19. Apparatus according to claim 17, wherein said anode and cathode are spaced transversely of each other in a sealed envelope and have confronting faces of large surface area including at least one dimension larger than their spacing in said envelope.
20. Apparatus according to claim 17, wherein said cathode is hollow, and said anode is disposed axially within the hollow cathode.
21. Apparatus according to claim 20, wherein the electromagnetic wave radiation is circularly polarized.
22. Apparatus according to claim 13, wherein the free electrons are supplied by at least one electron gun emitting a beam of electrons into said plasma region.
23. Apparatus according to claim 22, wherein there are a plurality of electron guns disposed annularly around said plasma region.
24. Apparatus according to claim 13, whrein said plasma region is produced by a high frequency voltage applied to a pair of electrodes disposed on opposite sides of a gas-filled tube.
Description
BACKGROUND OF THE INVENTION

The present invention relates to a method of amplifying and/or generating electromagnetic wave radiations, particularly microwaves, and also to amplifiers and tunable microwave generators (masers or lasers) operating in accordance with such method.

Known Types of Microwave Generators

Masers (or lasers) are microwave generators, based on the Microwave (or Light) Amplification by Stimulated Emission of Radiation, which produce a very coherent radiation of very narrow frequency band width. The conventional masers or lasers exploit transitions between discrete levels of bound electrons in atoms, molecules, ions or solids. Their frequency is fixed by these transitions, and therefore, if they are tunable at all, they are tunable only in a narrow range. Another limitation of the conventional maser (or laser) is its generally low efficiency at "long" wavelengths (in the mm and sub-mm wavelength). Further, those of solid state constructions have limited power levels. Many of the gas types (e.g., the HeNe) cannot produce high power levels and are not efficient, whereas the CO2 laser, which can produce very high power levels, can operate only at the wavelength of 10.6 μm.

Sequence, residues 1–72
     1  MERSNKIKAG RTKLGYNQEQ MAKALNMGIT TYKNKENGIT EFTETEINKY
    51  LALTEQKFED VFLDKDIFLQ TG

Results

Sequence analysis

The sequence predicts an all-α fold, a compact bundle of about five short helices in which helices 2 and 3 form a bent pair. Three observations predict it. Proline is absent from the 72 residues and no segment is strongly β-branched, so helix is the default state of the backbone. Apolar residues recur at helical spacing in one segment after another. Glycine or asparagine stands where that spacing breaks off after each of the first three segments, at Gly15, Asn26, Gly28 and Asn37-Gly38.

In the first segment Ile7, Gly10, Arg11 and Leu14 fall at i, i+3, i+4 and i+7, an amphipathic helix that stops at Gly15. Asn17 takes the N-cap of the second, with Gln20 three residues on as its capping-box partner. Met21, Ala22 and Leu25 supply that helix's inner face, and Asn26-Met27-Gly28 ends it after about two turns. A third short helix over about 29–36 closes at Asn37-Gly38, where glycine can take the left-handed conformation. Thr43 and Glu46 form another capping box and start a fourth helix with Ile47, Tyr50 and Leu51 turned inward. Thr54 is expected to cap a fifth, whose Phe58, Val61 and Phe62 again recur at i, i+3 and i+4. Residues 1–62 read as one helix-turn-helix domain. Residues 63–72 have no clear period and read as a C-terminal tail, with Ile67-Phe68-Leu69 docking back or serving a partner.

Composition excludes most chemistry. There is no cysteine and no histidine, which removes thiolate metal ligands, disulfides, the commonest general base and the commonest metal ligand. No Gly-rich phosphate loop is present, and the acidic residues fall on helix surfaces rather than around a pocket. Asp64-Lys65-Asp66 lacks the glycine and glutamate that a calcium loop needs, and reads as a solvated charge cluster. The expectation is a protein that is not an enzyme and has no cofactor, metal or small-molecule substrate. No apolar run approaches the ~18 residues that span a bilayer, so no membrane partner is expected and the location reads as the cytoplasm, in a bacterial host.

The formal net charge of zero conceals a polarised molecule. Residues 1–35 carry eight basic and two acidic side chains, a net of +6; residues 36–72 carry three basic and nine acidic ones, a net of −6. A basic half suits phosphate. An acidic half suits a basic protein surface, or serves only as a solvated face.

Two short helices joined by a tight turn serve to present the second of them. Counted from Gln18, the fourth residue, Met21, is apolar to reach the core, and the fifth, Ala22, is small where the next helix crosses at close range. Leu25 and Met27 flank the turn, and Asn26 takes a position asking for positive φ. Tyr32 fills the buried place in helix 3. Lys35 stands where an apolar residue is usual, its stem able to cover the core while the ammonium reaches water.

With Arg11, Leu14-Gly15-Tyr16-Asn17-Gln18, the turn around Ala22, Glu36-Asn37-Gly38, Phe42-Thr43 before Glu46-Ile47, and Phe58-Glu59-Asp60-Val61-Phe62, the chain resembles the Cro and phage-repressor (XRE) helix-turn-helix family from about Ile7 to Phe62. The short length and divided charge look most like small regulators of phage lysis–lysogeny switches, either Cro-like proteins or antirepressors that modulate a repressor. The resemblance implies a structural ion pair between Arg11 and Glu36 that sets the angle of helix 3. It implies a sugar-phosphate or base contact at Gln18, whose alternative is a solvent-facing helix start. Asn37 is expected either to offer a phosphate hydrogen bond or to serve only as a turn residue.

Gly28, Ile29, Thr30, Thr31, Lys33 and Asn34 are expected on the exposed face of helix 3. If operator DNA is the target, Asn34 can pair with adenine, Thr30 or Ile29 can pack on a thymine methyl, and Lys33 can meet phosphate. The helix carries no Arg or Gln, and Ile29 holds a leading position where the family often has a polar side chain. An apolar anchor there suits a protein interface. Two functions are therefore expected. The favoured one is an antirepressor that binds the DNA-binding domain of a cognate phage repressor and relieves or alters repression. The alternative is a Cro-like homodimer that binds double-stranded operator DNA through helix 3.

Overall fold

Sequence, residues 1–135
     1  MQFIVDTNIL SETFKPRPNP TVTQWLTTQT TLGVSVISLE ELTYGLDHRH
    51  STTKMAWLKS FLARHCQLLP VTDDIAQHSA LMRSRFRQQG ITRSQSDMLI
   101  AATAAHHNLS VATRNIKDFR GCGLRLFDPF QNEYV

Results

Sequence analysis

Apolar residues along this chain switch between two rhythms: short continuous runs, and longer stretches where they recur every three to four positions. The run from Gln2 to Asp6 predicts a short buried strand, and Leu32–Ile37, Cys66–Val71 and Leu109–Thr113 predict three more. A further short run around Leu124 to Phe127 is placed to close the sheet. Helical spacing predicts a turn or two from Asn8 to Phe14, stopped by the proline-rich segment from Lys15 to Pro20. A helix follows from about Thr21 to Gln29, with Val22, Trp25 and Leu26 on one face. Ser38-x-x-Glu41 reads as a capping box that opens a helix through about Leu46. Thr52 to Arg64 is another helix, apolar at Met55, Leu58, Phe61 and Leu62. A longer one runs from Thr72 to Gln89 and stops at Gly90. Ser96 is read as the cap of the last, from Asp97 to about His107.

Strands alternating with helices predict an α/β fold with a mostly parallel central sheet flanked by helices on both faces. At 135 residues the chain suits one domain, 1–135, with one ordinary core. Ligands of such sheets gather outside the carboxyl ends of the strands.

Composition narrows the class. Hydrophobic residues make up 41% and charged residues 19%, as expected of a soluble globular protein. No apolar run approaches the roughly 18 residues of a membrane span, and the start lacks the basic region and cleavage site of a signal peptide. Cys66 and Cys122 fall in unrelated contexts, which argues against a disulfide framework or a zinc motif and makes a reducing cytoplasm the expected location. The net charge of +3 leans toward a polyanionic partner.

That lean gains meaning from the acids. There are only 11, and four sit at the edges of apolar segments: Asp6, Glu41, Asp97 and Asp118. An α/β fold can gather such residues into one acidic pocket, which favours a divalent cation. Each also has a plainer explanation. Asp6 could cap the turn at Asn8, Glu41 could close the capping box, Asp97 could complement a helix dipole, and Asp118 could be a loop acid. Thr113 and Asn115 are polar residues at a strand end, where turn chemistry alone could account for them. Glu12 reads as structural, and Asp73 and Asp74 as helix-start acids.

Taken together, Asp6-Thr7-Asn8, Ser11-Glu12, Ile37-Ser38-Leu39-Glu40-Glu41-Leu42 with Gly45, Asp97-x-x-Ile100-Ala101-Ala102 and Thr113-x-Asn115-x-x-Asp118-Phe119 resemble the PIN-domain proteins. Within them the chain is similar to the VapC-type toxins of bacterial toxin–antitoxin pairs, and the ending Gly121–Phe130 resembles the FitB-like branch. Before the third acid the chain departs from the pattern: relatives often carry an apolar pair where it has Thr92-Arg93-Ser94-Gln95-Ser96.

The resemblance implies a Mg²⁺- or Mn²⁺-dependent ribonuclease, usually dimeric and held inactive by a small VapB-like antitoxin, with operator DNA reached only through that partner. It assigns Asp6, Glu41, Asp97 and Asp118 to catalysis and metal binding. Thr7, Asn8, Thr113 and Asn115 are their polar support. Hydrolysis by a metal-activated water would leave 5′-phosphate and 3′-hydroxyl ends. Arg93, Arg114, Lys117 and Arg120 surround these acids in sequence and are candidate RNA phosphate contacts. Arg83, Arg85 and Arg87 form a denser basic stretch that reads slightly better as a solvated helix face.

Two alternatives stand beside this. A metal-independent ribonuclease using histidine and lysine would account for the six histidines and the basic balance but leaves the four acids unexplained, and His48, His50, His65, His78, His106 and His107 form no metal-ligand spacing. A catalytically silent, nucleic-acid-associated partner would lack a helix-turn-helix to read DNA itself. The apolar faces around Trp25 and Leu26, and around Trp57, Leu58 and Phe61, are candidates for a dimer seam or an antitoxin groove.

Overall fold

Other known types of microwave generators are generally classified as follows:

1. Solid State Devices: These include the IMPATT diode, the Gunn diode, and the like, which produce electromagnetic radiations at the microwave wavelength. They are small, compact, and operate at low voltages. However, these devices are not based on stimulated processes, and therefore their radiation is not very clean and coherent. Moreover, they are tunable in a narrow range only, and are limited to very low power levels.

2. Free Electron Devices: These achieve amplification by "free" electrons. However, a completely free electron cannot emit or absorb a photon of the radiation, and therefore these devices include some form of construction which acts as a "third body" and enables the electron to emit or absorb photons.

(a) Klystrons: These are probably the oldest type of microwave generator still in use today. They can produce medium power levels at microwave wavelengths. In these devices, the electrons are accelerated by a high voltage and are passed through a narrow region where they interact with the electromagnetic wave. As a result, the electrons are "bunched", and in a second narrow region the "bunched" electrons amplify the electromagnetic wave. Some limitations of klystrons are: they are tunable in a narrow range; their construction is very complicated; they require a complicated high voltage source; and since they are not based on a "stimulated" process of amplification, the radiations produced are not very clean and coherent.

(b) Magnetrons: These are primarily used for producing pulses of very high power, e.g., for radar purposes. They contain a complicated construction of high magnetic field, operate at long wavelengths only (cm-wave range); and produce radiations not of high quality.

(c) Cyclotron Masers: These are based on the phenomenon that relativistic electrons in a magnetic field, under the cyclotron resonance conditions, amplify the electromagnetic wave. These devices produce radiations at the frequency of the cyclotron resonance. Very high power levels have been reported, but the demand for a very high magnetic field limits their applications.

(d) Periodic Structure Devices: These have become very popular in recent years, although their principle of operation has been long known. A relativistic electron beam passing through a periodic structure emits radiations whose frequency depends on the velocity of the electrons and on the periodicity of the structure. Therefore, the frequency can be controlled by electron energy, so that they are tunable. However, the need for relativistic electrons and for complicated mechanical constructions, are significant drawbacks of these devices. Following are a few of the known types:

(1) Travelling Wave Tube (TWT), used in the microwave region for amplification; the periodic structure is mechanical.

(2) Free Electron Laser (FEL), based on a periodic structure which is magnetic; this device operates in the optical region.

Some scientists claim that these periodic structure devices are not really "lasers", since they are not based on a stimulated process, but rather are based on the emission of radiations due to their periodic structure. Accordingly, these devices do not have the good coherent properties typical of stimulated processes such as conventional lasers.